Mr. T and I are on the road again. After surviving the bout with pneumonia, a 14 day cruise to Hawaii, Thanksgiving away from home, Christmas at home and the beginning of a new year, we threw the necessities of desert life into the RV, hooked up the Jeep and got exactly nowhere. For some obscure reason the fuel pump in the RV gave up the ghost. But we are resilient–a major temper tantrum, watching the AAA tow truck haul the Minnie away and downing a $70 bottle of cabernet later–we adjusted our plans.(As if we had any other choice!) Three days and $1000.00 later we hit the road.
Our destination, of course, is Death Valley. With our frozen meals, desert clothes and both dogs in tow, we headed south on the I-5. Yes, the Congress-created dust bowl is still there. Yes, the wonderful fields of food and acres of orchards are dead and desiccated–just black charred sticks against a dirty sky. Thank you Palosi Galore.
But the best part of the trip is always going through our old stomping grounds of Bakersfield. Bako has a radio talk show host who is a local treasure. No finely honed sound bites for him–his favorite comment is simply, “Well, that’s just a buncha crap!” He makes Rush Limbaugh look like a fence-sitter.
We merged onto the 99 just as Jaz’ show came on. He went on for awhile about the usual political topics–just enough to get his listening audience worked up a bit and ready for more–when he took a commercial break. The show resumed with a complete playing of “The Old Rugged Cross.” Okay, it’s Bakersfield, not too unusual. Then Jaz began to tell about a personal crisis in his life. His mother-in-law had just had surgery and gotten a very serious cancer diagnosis. After calling a few friends, he’d called the local representative for the area who was in session up in Sacramento and left a message for her to call back which she did just a few minutes later. Jaz poured out the story of the diagnosis and how upset he and his wife were and the assemblywoman just began praying with him right over the phone, right there in the hall outside the chambers in Sacramento.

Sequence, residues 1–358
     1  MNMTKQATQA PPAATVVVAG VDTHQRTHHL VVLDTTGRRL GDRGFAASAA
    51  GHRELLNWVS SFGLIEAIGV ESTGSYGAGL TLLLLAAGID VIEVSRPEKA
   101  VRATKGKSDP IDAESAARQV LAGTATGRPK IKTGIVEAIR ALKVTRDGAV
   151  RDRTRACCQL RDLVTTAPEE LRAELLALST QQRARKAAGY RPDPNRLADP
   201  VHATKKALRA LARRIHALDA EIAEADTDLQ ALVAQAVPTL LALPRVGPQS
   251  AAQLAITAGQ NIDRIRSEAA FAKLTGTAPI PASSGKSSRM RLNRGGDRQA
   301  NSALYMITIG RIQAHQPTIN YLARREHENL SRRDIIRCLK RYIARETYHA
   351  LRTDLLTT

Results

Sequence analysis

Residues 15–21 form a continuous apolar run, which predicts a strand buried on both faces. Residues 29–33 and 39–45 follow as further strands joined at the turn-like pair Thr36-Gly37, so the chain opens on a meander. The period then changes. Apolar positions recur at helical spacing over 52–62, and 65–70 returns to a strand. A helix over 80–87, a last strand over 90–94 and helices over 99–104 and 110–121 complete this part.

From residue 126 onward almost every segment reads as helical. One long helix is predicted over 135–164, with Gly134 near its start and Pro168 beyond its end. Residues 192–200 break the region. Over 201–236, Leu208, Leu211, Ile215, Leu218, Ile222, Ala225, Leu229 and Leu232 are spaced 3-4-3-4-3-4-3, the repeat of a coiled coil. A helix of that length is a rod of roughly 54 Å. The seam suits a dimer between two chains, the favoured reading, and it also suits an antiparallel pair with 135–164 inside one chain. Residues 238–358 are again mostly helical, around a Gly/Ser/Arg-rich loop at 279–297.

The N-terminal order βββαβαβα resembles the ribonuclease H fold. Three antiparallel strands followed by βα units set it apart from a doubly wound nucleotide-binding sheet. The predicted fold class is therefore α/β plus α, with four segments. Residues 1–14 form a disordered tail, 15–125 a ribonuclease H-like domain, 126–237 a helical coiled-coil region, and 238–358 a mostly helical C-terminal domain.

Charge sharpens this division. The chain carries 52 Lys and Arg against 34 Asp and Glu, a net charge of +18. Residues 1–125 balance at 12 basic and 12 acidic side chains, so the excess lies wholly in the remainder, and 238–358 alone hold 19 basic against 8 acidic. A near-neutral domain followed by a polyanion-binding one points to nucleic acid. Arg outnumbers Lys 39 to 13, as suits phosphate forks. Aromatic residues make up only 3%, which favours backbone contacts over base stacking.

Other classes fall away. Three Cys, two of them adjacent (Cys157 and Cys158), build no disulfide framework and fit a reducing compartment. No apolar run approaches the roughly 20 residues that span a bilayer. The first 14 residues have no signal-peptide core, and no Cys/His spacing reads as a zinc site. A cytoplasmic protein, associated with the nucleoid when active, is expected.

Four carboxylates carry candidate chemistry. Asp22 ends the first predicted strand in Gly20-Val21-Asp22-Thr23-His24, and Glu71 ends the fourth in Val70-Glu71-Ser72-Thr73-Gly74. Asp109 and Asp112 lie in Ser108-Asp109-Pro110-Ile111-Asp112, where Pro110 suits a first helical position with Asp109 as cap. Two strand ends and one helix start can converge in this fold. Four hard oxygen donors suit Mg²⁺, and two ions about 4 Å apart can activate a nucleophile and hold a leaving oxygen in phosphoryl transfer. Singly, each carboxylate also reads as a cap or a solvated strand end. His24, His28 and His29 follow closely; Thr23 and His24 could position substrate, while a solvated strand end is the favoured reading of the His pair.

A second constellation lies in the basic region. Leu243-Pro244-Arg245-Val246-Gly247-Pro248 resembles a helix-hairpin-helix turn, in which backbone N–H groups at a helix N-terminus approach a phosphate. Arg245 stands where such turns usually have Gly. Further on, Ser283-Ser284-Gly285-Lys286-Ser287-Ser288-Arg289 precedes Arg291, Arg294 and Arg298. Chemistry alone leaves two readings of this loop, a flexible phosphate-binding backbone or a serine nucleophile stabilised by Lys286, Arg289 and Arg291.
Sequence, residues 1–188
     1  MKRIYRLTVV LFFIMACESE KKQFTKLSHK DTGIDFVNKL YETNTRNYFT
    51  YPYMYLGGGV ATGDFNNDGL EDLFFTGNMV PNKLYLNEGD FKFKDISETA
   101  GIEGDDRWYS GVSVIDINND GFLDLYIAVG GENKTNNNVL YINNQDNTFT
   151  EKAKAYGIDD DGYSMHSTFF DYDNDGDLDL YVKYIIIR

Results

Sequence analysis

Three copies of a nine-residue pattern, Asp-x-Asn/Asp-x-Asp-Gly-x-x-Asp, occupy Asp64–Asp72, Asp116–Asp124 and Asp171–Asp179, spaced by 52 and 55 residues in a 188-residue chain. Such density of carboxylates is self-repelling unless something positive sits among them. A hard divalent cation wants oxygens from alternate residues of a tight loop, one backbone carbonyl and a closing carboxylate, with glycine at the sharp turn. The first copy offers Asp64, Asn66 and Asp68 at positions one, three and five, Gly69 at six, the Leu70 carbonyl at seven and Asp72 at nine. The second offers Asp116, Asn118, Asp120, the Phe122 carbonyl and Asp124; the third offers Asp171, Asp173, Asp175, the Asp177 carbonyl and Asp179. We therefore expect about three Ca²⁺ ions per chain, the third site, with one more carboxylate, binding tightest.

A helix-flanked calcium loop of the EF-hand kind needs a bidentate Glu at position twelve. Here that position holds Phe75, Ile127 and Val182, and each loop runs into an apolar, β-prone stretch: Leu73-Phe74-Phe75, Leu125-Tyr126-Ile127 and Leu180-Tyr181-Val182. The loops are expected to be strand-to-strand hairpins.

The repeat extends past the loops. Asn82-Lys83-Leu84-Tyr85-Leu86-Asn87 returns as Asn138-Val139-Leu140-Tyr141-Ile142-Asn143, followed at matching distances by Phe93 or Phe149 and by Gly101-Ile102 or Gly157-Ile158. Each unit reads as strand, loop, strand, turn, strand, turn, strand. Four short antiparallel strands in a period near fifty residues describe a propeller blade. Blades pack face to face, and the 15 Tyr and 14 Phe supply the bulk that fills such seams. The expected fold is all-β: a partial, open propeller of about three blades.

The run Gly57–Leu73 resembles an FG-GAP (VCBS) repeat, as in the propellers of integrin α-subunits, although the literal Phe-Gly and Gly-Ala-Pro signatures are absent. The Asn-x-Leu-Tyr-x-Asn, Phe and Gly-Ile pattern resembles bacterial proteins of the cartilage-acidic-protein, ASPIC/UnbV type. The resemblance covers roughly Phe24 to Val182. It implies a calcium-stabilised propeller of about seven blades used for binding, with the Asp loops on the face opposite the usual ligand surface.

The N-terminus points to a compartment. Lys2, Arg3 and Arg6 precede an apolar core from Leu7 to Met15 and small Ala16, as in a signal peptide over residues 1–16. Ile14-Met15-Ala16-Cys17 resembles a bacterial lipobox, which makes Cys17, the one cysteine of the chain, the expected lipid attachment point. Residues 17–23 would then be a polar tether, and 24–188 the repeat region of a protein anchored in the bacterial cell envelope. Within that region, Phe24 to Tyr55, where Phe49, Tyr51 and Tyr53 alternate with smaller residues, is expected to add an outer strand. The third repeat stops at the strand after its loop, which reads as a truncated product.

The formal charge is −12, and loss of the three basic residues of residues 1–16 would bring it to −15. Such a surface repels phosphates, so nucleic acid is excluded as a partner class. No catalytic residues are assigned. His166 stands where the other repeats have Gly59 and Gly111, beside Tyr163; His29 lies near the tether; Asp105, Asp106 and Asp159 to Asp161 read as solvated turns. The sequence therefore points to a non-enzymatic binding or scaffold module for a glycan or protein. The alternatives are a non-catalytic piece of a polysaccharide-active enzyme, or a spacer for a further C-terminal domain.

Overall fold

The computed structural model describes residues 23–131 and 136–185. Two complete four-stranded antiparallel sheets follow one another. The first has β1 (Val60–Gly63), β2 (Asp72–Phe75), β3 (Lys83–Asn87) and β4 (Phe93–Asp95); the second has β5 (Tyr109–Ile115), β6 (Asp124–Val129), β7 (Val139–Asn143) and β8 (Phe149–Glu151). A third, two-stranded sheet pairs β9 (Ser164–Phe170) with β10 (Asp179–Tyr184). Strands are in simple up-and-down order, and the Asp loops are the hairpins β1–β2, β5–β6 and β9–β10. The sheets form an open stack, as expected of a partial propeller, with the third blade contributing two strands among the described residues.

By now his voice was breaking a bit. Did I mention that “The Old Rugged Cross” had continued to play softly in the background? One could almost feel the hush settling over Bako. We heard about his dear Mama Ross (‘so I’ll cherish the old rugged cross…’); we heard his confession of his failure to live a good Christian life (’til my trophies at last I lay down…’); we heard him ask all his listeners to please pray for Mama Ross (‘I will cling to the old rugged cross…’). If I know anything at all, I know that at that moment there were at least 100,000 prayers that stormed heaven that very moment! (‘and exchange it some day for a crown.’)
But wait…there’s more. He told us how his MIL had encouraged him and treated him better than some of his ex-wives had. Then he segued into his own Daddy’s death many years ago and his Mama dying only a few years ago. By now I’m trying to drive the RV and wipe the tears running down my cheeks. Even Mr. T was hanging on every word. But then, just as we passed the exit for Merle Haggard Blvd., Jaz segued into growing up in Texas by way of Oklahoma! In 10 minutes of radio broadcasting perfection we had been witness to what made America great–and also gave us Country Western music. We’d had Mama and Daddy, death, backsliding, prayer and redemption, the Dustbowl migration, moving from poverty to middle-class, Texas and God bless America. It was magnificent!